Chinon is still around too, at the time of this writing attempting to re-engineer itself as a modern digital camera maker. I have to say that for a long time I thought Chinon was a Chinese camera company like the one that makes Seagull TLRs, I had no idea it was Japanese or I would have given it more attention sooner! Sounds bad, I know, but remember I live in the US where most anything that says ‘made in China’ on it is only here because it wasn’t worth paying US wages to manufacture.


Replaced CdS photocell. Say what? Well get this, first there was no power to the meter (wiggly like with the C35 I fixed). Then, after cleaning out the nasty battery compartment and double-checking all the wiring (all intact) a battery caused the meter to jump to the highest level and stay there. Covering the meter cell had no effect. Playing with the in-line variable resistor had some effect but the meter still stayed at a constant level. Then I decided to study an online electronics course for a couple days and discovered that CdS cells (photocells) are variable resistors that in the presence of electric current lose resistance in the presence of light. No resistance meant that the full voltage would always arrive at the meter (galvanometer). So I suspected that the CdS cell had been damaged by the leaking mercury battery. Luckily Radio Shack sells little variety packs of photocells for about $3, and one was small enough to be a suitable replacement. Quick snip and solder, we’re back in the game.* Now, the replacement was more sensitive than the original, so I used the variable resistor to ajust the meter voltage till it was nearly in tune with a Konica C35 pointed at the same light. Test roll showed it was right on the money except in low light where it underexposed a stop or so, but with flash was spot-on.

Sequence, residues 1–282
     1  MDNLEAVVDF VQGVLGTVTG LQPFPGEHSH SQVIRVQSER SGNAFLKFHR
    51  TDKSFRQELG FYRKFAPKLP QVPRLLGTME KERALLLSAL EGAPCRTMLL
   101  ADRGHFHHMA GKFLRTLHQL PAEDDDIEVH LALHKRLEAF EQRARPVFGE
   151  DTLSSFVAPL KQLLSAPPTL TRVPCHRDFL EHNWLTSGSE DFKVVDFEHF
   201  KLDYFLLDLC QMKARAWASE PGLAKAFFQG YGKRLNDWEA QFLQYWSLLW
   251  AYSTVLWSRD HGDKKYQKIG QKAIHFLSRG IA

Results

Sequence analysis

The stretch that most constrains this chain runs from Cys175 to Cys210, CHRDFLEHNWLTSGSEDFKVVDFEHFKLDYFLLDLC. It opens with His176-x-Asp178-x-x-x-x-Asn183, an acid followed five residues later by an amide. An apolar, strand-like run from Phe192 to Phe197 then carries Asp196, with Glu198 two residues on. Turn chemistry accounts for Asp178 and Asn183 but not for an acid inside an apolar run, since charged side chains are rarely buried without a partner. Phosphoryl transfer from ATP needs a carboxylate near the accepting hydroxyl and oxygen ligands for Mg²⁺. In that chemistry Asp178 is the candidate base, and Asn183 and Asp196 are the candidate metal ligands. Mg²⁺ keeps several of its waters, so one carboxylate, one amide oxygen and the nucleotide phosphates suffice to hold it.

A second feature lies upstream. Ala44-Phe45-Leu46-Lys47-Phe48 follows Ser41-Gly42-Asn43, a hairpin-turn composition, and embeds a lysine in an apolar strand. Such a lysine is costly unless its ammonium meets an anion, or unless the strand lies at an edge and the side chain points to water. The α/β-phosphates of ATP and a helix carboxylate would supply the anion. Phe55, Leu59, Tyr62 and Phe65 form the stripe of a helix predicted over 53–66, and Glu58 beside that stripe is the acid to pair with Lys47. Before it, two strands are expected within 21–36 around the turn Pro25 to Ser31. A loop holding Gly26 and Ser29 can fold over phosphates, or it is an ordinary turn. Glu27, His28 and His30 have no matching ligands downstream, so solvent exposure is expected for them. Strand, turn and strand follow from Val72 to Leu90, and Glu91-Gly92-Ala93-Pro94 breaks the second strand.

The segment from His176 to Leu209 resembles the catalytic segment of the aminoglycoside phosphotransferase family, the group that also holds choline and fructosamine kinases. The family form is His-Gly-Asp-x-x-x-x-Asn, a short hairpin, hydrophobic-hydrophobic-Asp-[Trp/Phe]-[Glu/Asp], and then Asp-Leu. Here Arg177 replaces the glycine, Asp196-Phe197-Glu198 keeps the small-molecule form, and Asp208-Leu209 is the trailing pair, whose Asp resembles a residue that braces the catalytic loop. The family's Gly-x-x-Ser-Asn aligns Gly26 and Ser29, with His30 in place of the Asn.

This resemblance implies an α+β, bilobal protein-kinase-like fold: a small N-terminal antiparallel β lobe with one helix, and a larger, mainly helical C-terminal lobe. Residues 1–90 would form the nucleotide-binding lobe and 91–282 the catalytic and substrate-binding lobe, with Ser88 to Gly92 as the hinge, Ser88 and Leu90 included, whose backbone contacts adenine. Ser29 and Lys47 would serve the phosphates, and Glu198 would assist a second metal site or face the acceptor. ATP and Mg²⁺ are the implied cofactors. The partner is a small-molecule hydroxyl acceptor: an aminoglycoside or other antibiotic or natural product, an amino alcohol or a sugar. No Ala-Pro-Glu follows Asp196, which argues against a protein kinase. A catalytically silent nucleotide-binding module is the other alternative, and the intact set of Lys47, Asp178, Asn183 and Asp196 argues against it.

*actually it was a little more work than that, the new photocell was slightly larger in diameter, so I used a hobby knife to whittle off the little retaining walls on the plastic ring on the lens surround, then hot-glued the photocell in place over the hole from behind. Not too much more work!

GAF Repair

Also the light seals will need replacing, but they’re intact enough for now.

Tips & Tricks

Not much to say here, set the ring to A and the ASA to the film speed, and you’re good to go. For flash photography set to the GN of the flash. I recommend a compact flash for a camera this size, as long as it can cover around 35-40mm (like the Pentax 160sa), I got some obvious dropoff with the X-14.

Has exposure lock – take a close-up reading from the most important part of your subject, press the shutter release halfway, recompose and shoot. Nice.

Battery was originally a mercury PX675 1.3v, you can use an equivalent inexpensive hearing aid battery or set the ASA to 2/3 the film speed and use a 1.5 silver battery instead. I usually use the hearing aid batteries, they’re basically zinc-air batteries but cheaper as they’re not packaged special for camera buffs 😉 Leave the lens cap on when not using the camera to prolong battery life.